Best and worst cities to retire
Iris Price | Improvement Center Columnist | June 19, 2015
When it comes to retiring Baby Boomers, one size does not always fit all. A list of the best and worst cities to retire may not take into account your personal relocation concerns:
- Amenities and walkability. For those who are in good health, physically and fiscally, the list of best cities to retire may include those with a higher cost of living but plenty of places nearby you can walk to, conveniences, amenities, and whatever cultural mix you crave.
- Good weather. You might just want someplace warm. In fact, most "best cities to retire" lists do include cities in the Sunbelt. For budget-conscious Boomers, many of these cities are also relatively affordable.
- Health and well-being. A city that offers plenty of healthcare providers or boasts of a low crime rate figures highly on many retirees' wish lists of essential relocation factors, as do public transit and programs for older adults, like free or low-cost college classes.
Of course, proximity to loved ones can trump any or all of these criteria. You can't figure grandkids into a best and worst cities to retire scenario for everyone. But even more important for a larger portion of new retirees, relocating to another city can mean finding a place that's affordable and that offers opportunities to augment a significantly smaller household budget.
Using data from the Federal Reserve Board's Survey on Consumer Finances (SCF),The National Institute on Retirement Security (NIRS) reported in September 2014 that the median retirement account balance for households age 55-64 rose from $12,000 in 2010 to only $14,500 in 2013. In the words of NIRS Manager of Research, Nari Rhee, Ph.D, who authored the report, that's "a trivial amount compared to retirees' lifetime income needs."
Best and worst cities to retire for affordability
If this is the case, retiring baby boomers may be chiefly dependent on Social Security benefits and at least a part-time income if they leave their full time jobs. Factors that affect affordability, such as lower median home prices and employment rates, may figure more significantly than the criteria on which so many "best places to retire" lists base their results, which in addition to cost of living and state and local taxes include the following:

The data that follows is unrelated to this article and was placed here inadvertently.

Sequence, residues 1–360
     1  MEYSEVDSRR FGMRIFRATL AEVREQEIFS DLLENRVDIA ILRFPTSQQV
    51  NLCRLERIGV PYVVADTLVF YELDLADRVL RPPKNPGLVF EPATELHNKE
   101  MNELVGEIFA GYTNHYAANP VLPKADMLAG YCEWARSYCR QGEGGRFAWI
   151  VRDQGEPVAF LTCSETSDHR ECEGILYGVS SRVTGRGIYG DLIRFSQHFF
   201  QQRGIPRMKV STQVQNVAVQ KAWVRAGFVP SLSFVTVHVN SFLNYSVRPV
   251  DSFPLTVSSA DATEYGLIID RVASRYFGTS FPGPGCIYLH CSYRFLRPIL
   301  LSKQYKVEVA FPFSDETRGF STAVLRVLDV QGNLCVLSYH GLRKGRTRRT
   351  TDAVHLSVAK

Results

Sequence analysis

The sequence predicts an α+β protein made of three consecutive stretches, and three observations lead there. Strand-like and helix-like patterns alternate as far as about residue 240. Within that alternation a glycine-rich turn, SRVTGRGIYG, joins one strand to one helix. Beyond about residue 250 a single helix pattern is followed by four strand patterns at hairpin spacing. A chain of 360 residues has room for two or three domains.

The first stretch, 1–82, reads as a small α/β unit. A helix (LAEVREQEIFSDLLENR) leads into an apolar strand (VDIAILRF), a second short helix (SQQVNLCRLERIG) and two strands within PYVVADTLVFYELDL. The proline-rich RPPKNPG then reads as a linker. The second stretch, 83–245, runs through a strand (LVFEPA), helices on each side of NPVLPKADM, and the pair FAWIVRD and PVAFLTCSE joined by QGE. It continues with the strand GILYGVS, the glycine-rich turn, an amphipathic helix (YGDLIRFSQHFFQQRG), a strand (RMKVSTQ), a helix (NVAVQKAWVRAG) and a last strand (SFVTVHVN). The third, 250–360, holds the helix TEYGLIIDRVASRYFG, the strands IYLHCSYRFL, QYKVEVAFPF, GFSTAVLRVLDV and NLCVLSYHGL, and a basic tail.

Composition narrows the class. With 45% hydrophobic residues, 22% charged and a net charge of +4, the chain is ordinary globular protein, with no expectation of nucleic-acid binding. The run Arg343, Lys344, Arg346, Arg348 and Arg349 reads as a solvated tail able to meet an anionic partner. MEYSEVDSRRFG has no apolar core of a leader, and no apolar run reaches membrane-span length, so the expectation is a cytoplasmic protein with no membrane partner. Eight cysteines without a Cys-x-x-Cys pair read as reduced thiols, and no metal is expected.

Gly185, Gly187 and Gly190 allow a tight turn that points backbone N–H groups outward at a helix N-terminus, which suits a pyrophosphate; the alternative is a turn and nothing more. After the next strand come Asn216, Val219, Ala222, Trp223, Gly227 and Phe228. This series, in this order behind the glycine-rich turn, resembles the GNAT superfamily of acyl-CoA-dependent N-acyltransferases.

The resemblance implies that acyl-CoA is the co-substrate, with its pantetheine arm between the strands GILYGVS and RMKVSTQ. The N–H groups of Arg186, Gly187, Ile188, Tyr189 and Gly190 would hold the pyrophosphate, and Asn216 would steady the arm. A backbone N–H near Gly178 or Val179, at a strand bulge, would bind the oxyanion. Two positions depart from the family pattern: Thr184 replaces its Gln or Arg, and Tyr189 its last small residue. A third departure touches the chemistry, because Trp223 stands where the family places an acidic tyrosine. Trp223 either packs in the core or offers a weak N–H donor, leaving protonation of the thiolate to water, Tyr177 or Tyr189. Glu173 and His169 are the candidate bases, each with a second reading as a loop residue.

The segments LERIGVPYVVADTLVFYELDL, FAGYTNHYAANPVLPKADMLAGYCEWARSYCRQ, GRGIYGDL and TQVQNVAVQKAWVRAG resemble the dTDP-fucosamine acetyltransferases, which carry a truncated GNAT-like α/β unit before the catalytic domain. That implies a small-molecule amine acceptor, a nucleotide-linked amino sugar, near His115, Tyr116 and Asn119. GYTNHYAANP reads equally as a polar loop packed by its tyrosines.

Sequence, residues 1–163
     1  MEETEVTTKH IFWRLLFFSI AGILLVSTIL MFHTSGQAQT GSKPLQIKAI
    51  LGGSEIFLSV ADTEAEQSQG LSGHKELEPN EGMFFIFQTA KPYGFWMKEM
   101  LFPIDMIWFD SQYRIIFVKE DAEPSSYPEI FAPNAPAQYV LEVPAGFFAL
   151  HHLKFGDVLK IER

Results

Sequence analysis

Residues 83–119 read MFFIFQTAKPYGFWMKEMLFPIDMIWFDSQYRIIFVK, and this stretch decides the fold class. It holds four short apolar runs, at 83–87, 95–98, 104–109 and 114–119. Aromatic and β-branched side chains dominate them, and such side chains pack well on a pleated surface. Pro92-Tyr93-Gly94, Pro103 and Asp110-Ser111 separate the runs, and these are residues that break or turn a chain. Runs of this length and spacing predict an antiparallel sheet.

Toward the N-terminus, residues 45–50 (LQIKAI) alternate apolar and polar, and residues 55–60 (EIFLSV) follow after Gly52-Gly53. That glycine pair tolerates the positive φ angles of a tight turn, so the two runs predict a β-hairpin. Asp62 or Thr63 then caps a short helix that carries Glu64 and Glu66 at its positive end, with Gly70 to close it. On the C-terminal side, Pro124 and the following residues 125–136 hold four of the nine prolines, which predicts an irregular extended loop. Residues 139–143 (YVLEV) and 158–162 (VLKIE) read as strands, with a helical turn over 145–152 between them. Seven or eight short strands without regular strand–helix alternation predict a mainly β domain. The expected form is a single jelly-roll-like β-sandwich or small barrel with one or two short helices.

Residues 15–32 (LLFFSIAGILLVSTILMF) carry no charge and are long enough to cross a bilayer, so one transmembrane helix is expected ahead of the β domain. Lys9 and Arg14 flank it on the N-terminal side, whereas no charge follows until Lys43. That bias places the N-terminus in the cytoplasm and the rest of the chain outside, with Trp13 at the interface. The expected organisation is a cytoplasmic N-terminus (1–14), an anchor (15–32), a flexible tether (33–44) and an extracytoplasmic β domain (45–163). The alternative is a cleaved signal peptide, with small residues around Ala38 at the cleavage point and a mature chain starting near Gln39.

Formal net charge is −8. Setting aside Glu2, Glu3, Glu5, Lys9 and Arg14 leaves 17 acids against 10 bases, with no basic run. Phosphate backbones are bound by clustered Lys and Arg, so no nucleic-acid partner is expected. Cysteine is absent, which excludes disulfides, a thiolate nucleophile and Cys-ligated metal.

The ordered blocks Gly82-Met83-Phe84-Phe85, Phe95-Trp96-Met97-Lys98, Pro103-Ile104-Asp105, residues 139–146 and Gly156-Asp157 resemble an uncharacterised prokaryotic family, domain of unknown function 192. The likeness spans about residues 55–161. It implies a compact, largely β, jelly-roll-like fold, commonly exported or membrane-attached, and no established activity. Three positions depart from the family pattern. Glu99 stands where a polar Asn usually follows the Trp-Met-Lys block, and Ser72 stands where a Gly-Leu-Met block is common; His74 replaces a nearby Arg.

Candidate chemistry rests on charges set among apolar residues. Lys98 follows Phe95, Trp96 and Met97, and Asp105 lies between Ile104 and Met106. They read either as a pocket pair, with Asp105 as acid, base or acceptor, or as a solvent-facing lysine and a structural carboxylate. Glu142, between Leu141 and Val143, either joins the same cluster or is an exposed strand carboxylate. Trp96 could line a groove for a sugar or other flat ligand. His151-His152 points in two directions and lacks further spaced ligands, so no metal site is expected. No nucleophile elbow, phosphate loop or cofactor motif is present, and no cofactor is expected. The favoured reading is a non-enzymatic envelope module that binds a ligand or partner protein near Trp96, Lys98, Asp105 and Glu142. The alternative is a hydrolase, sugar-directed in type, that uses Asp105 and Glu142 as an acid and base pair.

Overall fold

- crime (violent or property)
- healthcare availability and cost
- weather (temperature and precipitation)
- well-being for older adults including cultural, recreational and educational opportunities
Taking all of these factors into account, in alphabetical order, here are 10 of some of the best-ranked and 10 of some of the worst-ranked cities for affordability. These results were culled from 2014/2015 published lists of best and worst places to retire:
10 of the most affordable cities to retire
While these may not be the very cheapest places in the U.S., nor the customary retirement meccas, they combine various aspects of affordability with other advantages for those entering full or partial retirement.
- Albuquerque, New Mexico: Median home price, $172,200. Not only does the low cost of living and low taxes make this an affordable retirement destination, but the city provides many low-cost services for seniors including college courses for $5 per credit.
- Austin-Round Rock, Texas: Median home price, $249,100. Increasing cost of living and property taxes in recent years, coupled with slow wage growth may make Austin less affordable in coming years than it has been previously, but its strong economy and eclectic cultural scene keep it on most lists of best places to retire.
- Blacksburg, Virginia: Median home price, $235,000. Small college town with booming economy, but 2% higher than national average cost of living. Low crime, good weather, average taxes, healthcare availability, walkability.
- Bowling Green, Kentucky: Median home price, $138,000. Another small college town; cost of living 11% below average. Growing economy, low crime, good weather and reasonable taxes make this a gem for retirement.
- Cape Coral-Ft. Myers, Florida: Median home price, $208,000. Boaters paradise with 400 miles of Gulf Coast canals. Good economy and a cost of living 4% below the national average; average taxes and healthcare availability.
- Des Moines, Iowa: Median home price, $164,300. Best of the Midwest. Good job growth, low cost of living, average tax climate. Affordable healthcare, close proximity of grocery stores to housing; many museums and art venues.
- Lexington, Kentucky: Median home price, $143,000. Cost of living 5% below average. Good walkability, healthcare availability, and low crime rate. Strong economy based on horse industry and colleges.
- Nashville, Tennessee: Median home price, $186,400. Low cost of living, very low taxes, home of country music.
- Pittsburgh, Pennsylvania: Median home price, $148,000. Cost of living, 16% below national average. Good walkability, bikeability, healthcare availability. College town with strong economy, sports teams. High crime and cold winter weather are its biggest disadvantages.
- Port Charlotte, Florida: Median home price, $147,000. Cost of living, 8% below average. Taxes and healthcare provider availability are average, but the crime rate is low and the weather warm year round on Florida's west coast.
10 of the most expensive cities to retire
If you have the means, many of these big cities cannot be beat for amenities like culture, healthy lifestyle, great weather and access to healthcare, but they also have the highest costs of living in the nation:
- Boston, Massachusetts
- Honolulu, Hawaii
- Los Angeles, California
- New York, New York
- Oakland, California
- San Diego, California
- San Francisco, California
- San Jose, California
- Stamford, Connecticut
- Washington, DC
Photo credit to Kevin Irby